For the first time, a US state governor has ordered new DNA testing in the case of an executed murderer. If the tests prove the killer's innocence, it would be a colossal boost for the anti-death penalty movement here.
The convicted killer is Roger Keith Coleman, who died in Virginia's electric chair in 1992 for the rape and murder of his sister-in-law a decade earlier. Until the moment of his execution, Coleman insisted he was innocent.
The case attracted huge attention at the time but Virginia's then governor Douglas Wilder allowed the execution to go ahead after Coleman failed a last-minute lie detector test.
Despite an unrelenting campaign by Coleman's supporters, the Virginia authorities have refused every demand for DNA re-testing with more sophisticated techniques than those available when Coleman was executed. But Mark Warner, the outgoing governor, reversed those rulings. "Technology has advanced significantly, and can be applied in the case of someone who consistently maintained his innocence until execution," he said.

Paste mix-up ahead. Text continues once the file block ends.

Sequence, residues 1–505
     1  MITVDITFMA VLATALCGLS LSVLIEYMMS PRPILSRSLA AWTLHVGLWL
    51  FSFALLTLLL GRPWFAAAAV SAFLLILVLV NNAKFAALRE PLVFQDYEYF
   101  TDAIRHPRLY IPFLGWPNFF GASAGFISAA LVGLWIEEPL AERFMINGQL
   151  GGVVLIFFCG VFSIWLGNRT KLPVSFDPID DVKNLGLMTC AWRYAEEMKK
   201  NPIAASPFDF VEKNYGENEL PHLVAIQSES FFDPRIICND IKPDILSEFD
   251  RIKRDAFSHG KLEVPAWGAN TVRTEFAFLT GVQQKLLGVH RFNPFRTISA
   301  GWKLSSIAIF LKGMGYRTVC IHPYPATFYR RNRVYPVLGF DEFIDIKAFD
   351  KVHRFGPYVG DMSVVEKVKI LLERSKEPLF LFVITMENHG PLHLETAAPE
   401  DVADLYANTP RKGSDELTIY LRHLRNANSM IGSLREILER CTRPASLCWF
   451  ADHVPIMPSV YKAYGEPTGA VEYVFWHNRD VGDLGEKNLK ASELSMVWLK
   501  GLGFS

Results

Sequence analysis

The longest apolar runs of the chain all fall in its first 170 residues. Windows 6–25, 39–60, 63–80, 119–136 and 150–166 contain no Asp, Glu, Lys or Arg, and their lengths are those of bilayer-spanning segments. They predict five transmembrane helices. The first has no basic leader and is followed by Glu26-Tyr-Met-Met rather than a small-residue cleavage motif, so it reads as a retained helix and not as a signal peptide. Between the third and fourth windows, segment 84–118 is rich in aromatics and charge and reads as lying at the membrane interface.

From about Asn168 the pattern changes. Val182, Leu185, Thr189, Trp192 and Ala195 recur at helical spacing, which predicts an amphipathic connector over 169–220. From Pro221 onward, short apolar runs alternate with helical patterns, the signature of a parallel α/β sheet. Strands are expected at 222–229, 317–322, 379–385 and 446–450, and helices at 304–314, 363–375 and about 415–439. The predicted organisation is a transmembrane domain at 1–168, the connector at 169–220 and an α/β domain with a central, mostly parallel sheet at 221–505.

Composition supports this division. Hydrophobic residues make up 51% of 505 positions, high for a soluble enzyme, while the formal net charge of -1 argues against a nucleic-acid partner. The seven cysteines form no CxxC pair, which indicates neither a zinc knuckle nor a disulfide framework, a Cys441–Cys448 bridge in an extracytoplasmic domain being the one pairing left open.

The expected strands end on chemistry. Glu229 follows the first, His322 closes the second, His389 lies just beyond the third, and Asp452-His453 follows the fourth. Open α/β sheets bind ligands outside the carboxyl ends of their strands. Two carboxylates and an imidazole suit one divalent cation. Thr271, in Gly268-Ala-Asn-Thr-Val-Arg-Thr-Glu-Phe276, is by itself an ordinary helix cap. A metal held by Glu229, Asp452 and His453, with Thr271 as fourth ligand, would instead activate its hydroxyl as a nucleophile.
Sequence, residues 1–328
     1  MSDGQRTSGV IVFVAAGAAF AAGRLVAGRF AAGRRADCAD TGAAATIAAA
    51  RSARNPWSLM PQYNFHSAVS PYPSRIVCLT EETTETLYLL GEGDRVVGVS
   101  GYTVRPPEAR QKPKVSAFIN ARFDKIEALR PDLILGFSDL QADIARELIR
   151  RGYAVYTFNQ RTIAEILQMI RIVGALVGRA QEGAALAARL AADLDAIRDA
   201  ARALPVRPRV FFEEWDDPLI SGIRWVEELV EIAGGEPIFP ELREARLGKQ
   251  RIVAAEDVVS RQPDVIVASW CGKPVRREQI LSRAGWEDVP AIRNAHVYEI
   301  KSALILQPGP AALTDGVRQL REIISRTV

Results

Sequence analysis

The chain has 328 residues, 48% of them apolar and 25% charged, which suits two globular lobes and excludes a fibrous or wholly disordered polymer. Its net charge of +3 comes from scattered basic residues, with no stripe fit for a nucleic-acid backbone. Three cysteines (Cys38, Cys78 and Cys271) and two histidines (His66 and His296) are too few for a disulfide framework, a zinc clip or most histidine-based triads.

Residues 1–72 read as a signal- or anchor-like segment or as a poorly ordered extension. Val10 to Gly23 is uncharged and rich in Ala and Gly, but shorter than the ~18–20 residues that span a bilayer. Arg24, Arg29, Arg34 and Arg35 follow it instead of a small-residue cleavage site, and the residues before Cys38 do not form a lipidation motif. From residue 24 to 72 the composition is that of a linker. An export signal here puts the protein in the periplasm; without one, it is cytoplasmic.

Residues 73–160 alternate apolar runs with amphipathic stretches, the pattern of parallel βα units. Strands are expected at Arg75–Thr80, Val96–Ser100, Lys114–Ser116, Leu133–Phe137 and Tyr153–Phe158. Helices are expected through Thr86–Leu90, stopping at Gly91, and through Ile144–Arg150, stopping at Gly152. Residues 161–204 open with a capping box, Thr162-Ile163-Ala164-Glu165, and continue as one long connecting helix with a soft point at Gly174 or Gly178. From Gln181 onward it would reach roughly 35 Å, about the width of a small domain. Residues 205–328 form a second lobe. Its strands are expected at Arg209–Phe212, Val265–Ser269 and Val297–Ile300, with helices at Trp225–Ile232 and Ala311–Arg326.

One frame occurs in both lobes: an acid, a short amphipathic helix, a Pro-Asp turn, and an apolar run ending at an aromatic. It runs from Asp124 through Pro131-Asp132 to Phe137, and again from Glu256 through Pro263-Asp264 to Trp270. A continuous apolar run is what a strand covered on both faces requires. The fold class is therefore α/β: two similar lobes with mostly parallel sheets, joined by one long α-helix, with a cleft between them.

"We must always follow the available facts until a more complete picture of guilt or innocence."
Previous tests have indicated that Coleman was among a 2 per cent group of the US population that could have committed the crime. A hair on the victim's body was identified as similar to his, while he had a previous conviction for attempted rape.
Results of the new tests could be available before Mr Warner's term expires next weekend.
The outcome could lay to rest doubts about one of the most controversial executions in modern times. Or it could provide opponents of capital punishment with what they have always wanted: proof that an innocent man has been put to death.Reuse content